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Child requiring tracheostomy for removal of an airway foreign body at the tracheal bifurcation
  1. Naoki Yogo1,
  2. Sachiko Mizutari2,
  3. Kei Honda3 and
  4. Hidetoshi Asai2
  1. 1Department of Pediatrics, Division of Pediatric Emergency and Critical Care, Japanese Red Cross Kumamoto Hospital, Kumamoto, Japan
  2. 2Otolaryngology, Japanese Red Cross Kumamoto Hospital, Kumamoto, Japan
  3. 3Pediatrics, Japanese Red Cross Kumamoto Hospital, Kumamoto, Japan
  1. Correspondence to Dr Naoki Yogo; naoki.y0715{at}


Airway foreign bodies are typically removed orally using a rigid bronchoscope. We present a rare case of a foreign body at the tracheal bifurcation that required removal via tracheostomy. A child turned pale while eating nuts and was suspected to have choked on a foreign body. CT revealed a foreign body at the tracheal bifurcation. As his respiratory condition was unstable, tracheal intubation and removal were attempted using a rigid bronchoscope. Tracheal obstruction during oral removal resulted in respiratory failure and bradycardia. Following emergency tracheostomy, the foreign body was removed via the tracheal stoma after his respiratory condition stabilised. The patient was discharged 21 days later without neurological sequelae. To avoid hypoxaemia during airway foreign body removal, as in this case, assessing the size of the upper airway and foreign body is necessary. Tracheostomy and foreign body removal through the tracheal opening should be considered proactively.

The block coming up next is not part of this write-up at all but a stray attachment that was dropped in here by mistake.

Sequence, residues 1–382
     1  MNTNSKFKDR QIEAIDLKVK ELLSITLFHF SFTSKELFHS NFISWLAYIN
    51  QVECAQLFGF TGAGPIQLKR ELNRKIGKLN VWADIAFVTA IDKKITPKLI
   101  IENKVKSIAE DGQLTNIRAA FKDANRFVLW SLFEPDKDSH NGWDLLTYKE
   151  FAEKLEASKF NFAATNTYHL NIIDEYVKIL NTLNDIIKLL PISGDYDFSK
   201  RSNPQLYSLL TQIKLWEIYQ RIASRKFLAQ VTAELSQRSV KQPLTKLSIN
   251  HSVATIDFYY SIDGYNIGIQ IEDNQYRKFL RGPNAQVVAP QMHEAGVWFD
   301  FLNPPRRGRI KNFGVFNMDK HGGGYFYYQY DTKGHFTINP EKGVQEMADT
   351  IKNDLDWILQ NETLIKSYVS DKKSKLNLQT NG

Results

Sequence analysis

• Ear, nose and throat/otolaryngology
  • Emergency medicine
  • Paediatric intensive care
  • Accidents, injuries
  • Otolaryngology / ENT

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  • Contributors NY, SM and KH conceptualised and designed the study. NY and SM collected and analysed the data. NY wrote the majority of the original draft of the paper. HA provided technical support and conceptual advice. All authors read and approved the final manuscript.

  • Funding The authors have not declared a specific grant for this research from any funding agency in the public, commercial or not-for-profit sectors.

  • Case reports provide a valuable learning resource for the scientific community and can indicate areas of interest for future research. They should not be used in isolation to guide treatment choices or public health policy.

  • Competing interests None declared.

  • Provenance and peer review Not commissioned; externally peer reviewed.